Weight Loss Plans that Offer Cash to Take Off Pounds Work Best

ANN ARBOR, MICHIGAN – April 9, 2013 – When it comes to weight loss, a study by University of Michigan Assistant Professor Dr. Jeffrey Kullgren finds money to be the top incentive. The study, published April 1 in the journal Annals of Internal Medicine found that when competition is added to the mix, the combination becomes the perfect motivation for participants to lose extra weight quickly. Whether they will be successful in keeping the weight off is unclear.

Many employers wanted to find a plan to help employees lose weight, but they knew that changing behavior is difficult. Studies show that once a new routine is established and becomes a habit, people are likely to continue the modified behavior. Repetition is the key to establishing a new routine, but the problem was finding an incentive to encourage employees to follow a weight loss plan until a goal weight was achieved. Studies have shown that it is easier to make healthier choices once a new routine is established.

Dr. Kullgren’s study was partially motivated by the many employers who were considering offering cash to employees as an incentive to losing weight. Corporate executives wanted to first make sure it had a reasonable chance of success before implementing cash incentive programs in their organizations.

Dr. Kullgren divided 104 overweight subjects into three groups. The first group was told they would receive $100 if they met their individual weight loss goals at four weeks, eight weeks, twelve weeks, sixteen weeks, and twenty weeks. The second group was separated into groups of five, but wasn’t told the names of others in their group. They too were told they could win $100 if they met their weight loss goal every four weeks. However, they were also told they could receive more money if others in their group didn’t reach their goal. The control group was given information on losing weight and scheduled to weigh in monthly.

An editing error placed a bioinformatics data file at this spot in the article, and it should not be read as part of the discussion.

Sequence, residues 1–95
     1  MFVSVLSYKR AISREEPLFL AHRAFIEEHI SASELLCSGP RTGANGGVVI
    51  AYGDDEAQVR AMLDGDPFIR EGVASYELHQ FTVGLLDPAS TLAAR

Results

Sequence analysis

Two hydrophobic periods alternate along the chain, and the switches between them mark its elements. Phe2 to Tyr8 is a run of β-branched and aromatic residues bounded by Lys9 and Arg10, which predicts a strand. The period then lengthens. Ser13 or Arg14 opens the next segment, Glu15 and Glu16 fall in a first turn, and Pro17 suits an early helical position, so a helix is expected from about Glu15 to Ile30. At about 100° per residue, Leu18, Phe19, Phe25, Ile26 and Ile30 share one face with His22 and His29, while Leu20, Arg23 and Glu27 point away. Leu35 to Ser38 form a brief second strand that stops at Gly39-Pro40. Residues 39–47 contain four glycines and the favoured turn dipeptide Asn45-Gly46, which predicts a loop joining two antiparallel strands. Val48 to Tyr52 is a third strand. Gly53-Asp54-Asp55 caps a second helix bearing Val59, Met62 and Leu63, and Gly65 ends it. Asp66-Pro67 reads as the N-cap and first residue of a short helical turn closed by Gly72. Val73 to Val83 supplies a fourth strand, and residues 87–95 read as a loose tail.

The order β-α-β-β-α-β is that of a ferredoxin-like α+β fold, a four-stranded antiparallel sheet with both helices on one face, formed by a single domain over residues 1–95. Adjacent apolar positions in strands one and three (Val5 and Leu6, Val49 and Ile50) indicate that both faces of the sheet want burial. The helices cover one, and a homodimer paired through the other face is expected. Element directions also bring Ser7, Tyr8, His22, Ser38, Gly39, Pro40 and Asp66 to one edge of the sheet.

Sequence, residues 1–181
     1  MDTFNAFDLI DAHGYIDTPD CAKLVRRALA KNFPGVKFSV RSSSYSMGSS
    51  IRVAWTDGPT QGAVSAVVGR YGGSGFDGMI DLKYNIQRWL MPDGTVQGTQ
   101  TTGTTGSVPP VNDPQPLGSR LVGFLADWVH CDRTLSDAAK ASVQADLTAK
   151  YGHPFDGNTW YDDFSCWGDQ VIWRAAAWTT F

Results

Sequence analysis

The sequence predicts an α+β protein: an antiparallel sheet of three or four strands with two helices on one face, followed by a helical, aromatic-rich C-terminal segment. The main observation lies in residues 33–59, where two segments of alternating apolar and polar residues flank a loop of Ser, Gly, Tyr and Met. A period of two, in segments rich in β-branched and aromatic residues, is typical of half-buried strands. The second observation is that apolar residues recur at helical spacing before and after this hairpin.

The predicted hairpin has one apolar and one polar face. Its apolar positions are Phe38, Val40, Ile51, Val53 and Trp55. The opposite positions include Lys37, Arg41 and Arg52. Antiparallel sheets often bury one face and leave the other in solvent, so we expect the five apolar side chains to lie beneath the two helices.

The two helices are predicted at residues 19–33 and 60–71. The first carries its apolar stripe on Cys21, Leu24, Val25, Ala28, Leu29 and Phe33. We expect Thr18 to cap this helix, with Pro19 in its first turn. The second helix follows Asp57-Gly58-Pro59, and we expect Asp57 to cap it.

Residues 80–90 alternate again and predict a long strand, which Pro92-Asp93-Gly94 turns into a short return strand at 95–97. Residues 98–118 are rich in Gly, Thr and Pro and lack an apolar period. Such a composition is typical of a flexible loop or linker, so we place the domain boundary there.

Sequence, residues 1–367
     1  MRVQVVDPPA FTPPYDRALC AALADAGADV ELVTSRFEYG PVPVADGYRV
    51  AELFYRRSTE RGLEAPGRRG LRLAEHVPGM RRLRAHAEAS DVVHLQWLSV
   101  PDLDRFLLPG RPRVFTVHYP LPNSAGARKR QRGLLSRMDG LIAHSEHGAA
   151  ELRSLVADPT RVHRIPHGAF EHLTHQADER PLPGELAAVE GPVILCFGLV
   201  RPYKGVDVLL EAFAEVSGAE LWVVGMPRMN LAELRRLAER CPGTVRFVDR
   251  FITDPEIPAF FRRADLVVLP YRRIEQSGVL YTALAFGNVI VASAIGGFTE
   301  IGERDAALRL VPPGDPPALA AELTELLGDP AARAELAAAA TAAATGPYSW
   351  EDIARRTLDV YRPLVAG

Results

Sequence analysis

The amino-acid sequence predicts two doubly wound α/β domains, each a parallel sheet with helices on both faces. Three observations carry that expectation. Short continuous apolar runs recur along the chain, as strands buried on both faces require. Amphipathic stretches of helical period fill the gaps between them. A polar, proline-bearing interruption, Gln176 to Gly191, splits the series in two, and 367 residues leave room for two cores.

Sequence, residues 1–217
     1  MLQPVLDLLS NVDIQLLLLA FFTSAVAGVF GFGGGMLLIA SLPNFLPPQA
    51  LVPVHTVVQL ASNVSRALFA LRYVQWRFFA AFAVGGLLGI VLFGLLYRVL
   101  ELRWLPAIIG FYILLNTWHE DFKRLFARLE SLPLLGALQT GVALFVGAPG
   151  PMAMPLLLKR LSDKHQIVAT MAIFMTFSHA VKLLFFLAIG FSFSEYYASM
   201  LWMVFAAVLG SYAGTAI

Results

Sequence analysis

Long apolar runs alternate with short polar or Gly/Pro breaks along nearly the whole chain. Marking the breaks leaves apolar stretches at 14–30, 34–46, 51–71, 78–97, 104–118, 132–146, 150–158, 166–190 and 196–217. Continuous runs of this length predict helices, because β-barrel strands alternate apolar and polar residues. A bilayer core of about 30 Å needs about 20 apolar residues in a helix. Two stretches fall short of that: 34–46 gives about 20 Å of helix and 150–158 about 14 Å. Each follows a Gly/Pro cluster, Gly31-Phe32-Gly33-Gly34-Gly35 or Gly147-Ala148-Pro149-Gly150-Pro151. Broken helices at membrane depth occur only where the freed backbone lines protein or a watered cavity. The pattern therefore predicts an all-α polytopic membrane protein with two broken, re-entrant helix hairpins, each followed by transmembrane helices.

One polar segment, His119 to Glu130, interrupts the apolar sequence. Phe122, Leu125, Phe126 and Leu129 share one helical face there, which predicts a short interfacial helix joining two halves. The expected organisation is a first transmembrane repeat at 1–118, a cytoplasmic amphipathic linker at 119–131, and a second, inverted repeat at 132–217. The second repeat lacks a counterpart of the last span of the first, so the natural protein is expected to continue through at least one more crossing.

After the twenty-four week study, the weight loss group competing against each other lost about seven pounds more than the group with individual goals and ten pounds more than the control group. Twelve months after the end of the study, participants in the group incentive plan sustained more weight loss than those in the control group. However, those in the individual incentive plan maintained the most weight loss.

It appears that when it comes to creating weight loss programs for employees, the amount of money offered can make a big difference in results. Individuals who don’t have employer-based programs can create incentives between friends and themselves. Participants could design contracts stating their personal goals of losing weight and a monetary penalty if they fail.



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